The big bad this week is Edward Slick – the Sand Demon. As we’ve seen in previous episodes, the Flash villain in the television series is actually a Firestorm villain in the comics. Sand Demon first appeared in Firestorm Vol. 2 #51, but only stuck around for four appearances before dying in Firestorm #75 (1988). As far powers go, you saw them all in action on screen this week.
Sand Demon was created by Gerry Conway and Joe Brozowski in September 1986).
THE LITTLE THINGS
There were a number of little things that popped up this week that are worth noting:
- Barry and Patty are Monty Python fans, as the two quote from Monty Python and the Holy Grail.
- Patty Spivot attended Hudson University in New Carthage, New York. Apparently, Kansas University and K-State aren’t worth going to in the DCU.
- Sand Demon spent time in Blackgate Prison. Iron Heights was created by Geoff Johns, while Blackgate Prison was created by Peter Milligan and Jim Aparo in Detective Comics #629 in 1991.
- Sand Demon revealed to be hiding out in Woodrue Greenhouse. Jason Woodrue is better known as the Fluoronic Man. It will interesting to see if he shows up this season.
- War of Americas. This was a tough one because in the DCU, there isn’t an alternate reality where this happened. However, there was an event called the War of Americas in the 2004 series Jack & Bobby, which was produced by Greg Berlanti, Brad Meltzer, and Marc Guggenheim.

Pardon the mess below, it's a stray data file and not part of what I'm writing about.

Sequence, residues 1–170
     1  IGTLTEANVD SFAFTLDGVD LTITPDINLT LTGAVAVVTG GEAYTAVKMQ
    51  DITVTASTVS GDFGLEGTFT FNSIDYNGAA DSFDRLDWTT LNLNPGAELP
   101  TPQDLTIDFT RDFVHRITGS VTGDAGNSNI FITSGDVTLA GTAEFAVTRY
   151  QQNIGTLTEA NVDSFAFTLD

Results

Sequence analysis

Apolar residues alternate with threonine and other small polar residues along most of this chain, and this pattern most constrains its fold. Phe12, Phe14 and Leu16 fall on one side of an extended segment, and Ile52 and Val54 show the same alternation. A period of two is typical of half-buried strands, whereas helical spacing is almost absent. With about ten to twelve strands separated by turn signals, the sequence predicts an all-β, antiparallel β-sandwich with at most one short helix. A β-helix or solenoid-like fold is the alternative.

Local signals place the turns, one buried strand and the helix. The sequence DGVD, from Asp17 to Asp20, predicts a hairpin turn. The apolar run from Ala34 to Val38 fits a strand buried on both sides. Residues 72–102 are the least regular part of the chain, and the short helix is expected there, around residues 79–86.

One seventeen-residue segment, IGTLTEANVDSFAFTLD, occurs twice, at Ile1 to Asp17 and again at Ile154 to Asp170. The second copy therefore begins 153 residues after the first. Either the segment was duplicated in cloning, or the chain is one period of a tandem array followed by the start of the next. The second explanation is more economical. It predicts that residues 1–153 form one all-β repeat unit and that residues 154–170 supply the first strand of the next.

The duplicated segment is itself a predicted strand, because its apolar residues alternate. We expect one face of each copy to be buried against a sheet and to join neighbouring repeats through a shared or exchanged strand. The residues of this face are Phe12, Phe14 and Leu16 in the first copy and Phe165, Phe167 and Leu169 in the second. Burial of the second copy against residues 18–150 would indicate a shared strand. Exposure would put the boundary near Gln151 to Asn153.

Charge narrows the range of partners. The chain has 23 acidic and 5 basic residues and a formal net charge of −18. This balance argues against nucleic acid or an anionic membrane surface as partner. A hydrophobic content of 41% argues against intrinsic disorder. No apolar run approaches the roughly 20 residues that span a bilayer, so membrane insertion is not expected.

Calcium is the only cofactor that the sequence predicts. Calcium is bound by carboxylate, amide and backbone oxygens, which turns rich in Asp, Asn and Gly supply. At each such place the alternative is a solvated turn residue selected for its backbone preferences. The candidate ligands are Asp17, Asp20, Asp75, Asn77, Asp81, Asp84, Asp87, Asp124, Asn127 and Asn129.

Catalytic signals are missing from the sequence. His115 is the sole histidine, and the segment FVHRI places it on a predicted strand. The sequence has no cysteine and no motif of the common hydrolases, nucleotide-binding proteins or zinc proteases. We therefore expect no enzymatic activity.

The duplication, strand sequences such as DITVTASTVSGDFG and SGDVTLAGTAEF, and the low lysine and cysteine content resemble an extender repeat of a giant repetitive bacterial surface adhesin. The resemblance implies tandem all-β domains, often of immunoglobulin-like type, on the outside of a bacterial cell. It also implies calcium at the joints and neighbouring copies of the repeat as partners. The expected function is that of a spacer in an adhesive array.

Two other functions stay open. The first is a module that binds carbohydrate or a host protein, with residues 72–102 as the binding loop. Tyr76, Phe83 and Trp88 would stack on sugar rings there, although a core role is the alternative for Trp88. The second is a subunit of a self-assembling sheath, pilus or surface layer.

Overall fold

- There is a brief crossover with Arrow, where Ollie reveals he will now be known as Green Arrow.
IT’S CALLED A SECRET IDENTITY FOR A REASON!
Dr. Harrison Wells(deceased)
- Eobard Thawne (as Dr. Harrison Wells)
- Dr. Caitlin Snow
- Dr. Cisco Ramon
- Detective Joe West
- Dr. Martin Stein
- Mrs. Clarissa Stein
- Hartley Rathaway (Pied Piper)
- Felicity Smoak
- General Wade Eiling
- Oliver Queen (Green Arrow)
- John Diggle
Bette Sans Souci(deceased)
- Dr. Henry Allen (out of prison)
Iris West(in another timeline)
- Iris West-Allen (in the future)
- Iris West (via spark touch)
- Leonard Snart (Captain Cold)
Detective Eddie Thawne(deceased)
- Ray Palmer (The Atom)
- Brie Larvan
- Laurel Lance (Black Canary)
Hannibal Bates (Everyman)(deceased)
- Gorilla Grodd
- Lyla Diggle (Harbinger)
- Jay Garrick (The Flash of Earth-2)
And that should be everything! What did I miss? What did you catch? Use the comment section below to share your thoughts on this episode, and until next week RUN, BARRY! RUN!
FLASHBACK: THE PODCAST
Want to hear Matthew Peterson and I sit down to discuss this episode in detail? If you are a Major Spoilers VIP, look for the Flashback Podcast hitting the VIP site very soon![signoff predefined=”PayPal Donation” icon=”icon-cog”][/signoff]